It’s important to note that research also suggests decreased levels of methylation is associated with recurrent pregnancy loss.
What food promotes methylation?
Now it’s time to take notes, what foods can improve your fertility and baby’s health?
It turns out that folate, vitamin B6 and vitamin B12 are all vital cofactors in the process of methylation. So, a diet that promotes methylation is one that is either high in these vitamins, or high in other compounds that can act as a methyl donor, such as betaine and choline. And here are 5 food groups that fit the bill:
- Dark leafy greens: examples include kale, spinach, and collard greens. These leafy greens are great sources of folate and B vitamins.
- Cruciferous vegetables: besides being great for detoxification, cruciferous veggies such as cauliflower, broccoli, cabbage, and bok choy can help with methylation due to their sulforaphane and folate content.
- Beets: Beets are a good source of betaine, a methyl donor. Both the beet root and the beet leaves can be used. There are studies showing that embryos supplemented with betaine have less birth defects including congenital heart defects.
- Seeds: Seeds are nutritional powerhouses because they contain all the nutrients that promote growth of a plant. Sesame seeds are great sources of choline and folate. Sunflower seeds are particularly high in vitamin B6, folate, choline and betaine.
- Liver Organ Meat: Liver organ meat has high amounts of folate, choline, vitamin B6, and vitamin B12. Since pesticides can interfere with methylation, it is best to get organic sources like organic grass fed beef liver or organic free-range chicken liver. However, because of the vitamin A content in organ meats, pregnant women should eat this in moderation not exceeding the recommended upper intake level of 10,000IU of vitamin A per day. While most people in the West may be turned off by the idea of eating liver organ meat, this meat is commonly consumed throughout Asia.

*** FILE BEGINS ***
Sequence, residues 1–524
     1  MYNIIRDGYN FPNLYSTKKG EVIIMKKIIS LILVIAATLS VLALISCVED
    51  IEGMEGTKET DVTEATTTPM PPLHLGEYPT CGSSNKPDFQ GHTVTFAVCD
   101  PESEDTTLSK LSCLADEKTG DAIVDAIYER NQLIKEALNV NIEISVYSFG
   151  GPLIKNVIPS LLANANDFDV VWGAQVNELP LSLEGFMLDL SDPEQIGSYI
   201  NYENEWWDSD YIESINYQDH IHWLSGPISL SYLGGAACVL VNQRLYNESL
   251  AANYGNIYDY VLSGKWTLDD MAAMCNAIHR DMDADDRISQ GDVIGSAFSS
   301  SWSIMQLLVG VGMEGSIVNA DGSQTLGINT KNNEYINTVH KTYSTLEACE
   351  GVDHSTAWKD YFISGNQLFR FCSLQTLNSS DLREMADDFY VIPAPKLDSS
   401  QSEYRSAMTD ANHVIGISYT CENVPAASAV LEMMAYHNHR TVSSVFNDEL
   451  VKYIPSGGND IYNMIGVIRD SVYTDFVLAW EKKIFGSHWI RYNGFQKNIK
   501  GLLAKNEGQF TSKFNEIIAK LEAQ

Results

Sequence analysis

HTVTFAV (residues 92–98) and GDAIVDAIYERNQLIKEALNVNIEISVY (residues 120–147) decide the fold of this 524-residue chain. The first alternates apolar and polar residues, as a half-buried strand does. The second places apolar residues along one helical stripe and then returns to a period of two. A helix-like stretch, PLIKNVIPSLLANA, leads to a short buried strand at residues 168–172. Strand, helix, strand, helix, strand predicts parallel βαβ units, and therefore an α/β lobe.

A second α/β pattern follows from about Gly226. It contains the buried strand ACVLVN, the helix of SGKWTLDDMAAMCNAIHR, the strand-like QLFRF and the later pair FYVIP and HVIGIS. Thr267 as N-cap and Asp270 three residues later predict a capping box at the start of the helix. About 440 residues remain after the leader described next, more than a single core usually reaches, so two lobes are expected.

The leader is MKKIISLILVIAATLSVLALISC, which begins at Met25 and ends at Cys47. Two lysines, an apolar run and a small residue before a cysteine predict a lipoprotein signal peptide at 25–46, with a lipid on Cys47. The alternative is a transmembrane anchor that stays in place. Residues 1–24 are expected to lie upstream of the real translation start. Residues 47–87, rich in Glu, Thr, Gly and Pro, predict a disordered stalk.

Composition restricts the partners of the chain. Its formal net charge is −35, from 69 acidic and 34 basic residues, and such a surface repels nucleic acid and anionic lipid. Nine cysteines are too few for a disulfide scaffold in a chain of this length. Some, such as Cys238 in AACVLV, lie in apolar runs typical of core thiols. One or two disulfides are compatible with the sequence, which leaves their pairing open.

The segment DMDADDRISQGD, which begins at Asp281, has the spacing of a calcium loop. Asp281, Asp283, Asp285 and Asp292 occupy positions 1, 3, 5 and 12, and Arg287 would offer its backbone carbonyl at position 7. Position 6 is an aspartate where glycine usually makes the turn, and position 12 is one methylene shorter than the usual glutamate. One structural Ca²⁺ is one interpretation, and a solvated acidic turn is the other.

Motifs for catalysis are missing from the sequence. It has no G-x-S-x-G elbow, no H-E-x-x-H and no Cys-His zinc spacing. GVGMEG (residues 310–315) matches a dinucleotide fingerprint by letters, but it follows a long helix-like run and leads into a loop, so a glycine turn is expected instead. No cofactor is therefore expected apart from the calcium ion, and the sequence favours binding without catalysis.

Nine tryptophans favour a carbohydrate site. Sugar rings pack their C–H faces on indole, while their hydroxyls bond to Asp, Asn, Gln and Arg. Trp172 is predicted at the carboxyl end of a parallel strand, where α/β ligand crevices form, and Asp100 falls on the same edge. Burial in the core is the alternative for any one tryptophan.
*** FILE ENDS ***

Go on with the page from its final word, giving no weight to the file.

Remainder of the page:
You can make a difference!
Remember, you have the power to boost your fertility and the health of your future children! And you can do this by choosing to eat food that can improve fertility, starting at least 3-4 months prior to conception.
If you would like to get more actionable tips to boost your odds of successful pregnancy, check out my Top 7 Tips on Getting Pregnant Naturally here!
- Steegers-Theunissen RP et al. The periconceptional period, reproduction and long-term health of offspring: the importance of one-carbon metabolism. Human Reprod Update. 2013.
- The role of Methylation in Gene Expression: https://www.nature.com/scitable/topicpage/the-role-of-methylation-in-gene-expression-1070/
- Serra-Juhe C et al. DNA methylation abnormalities in congenital heart disease. Epigenetics. 2015.
- Du G et al. Hypomethylation of PRDM1 is associated with recurrent pregnancy loss. J Cell Mol Med. 2020.
- Joubert BR et al. Maternal plasma folate impacts differential DNA methylation in an epigenome-wide meta-analysis of newborns. Nature Communications. 2016.
- Nutrition Source of Folate: https://www.hsph.harvard.edu/nutritionsource/folic-acid/
- Kaufman-Szymczyk A et al. Role of Sulforaphane in Epigenetic Mechanisms, Including Interdependence between Histone Modification and DNA Methylation. Int J Mol Sci. 2015.
- Karunamuni G et al. Supplementation with the Methyl Donor Betaine Prevents Congenital Defects Induced by Prenatal Alcohol Exposure. Alcohol Clin Exp Res. 2017.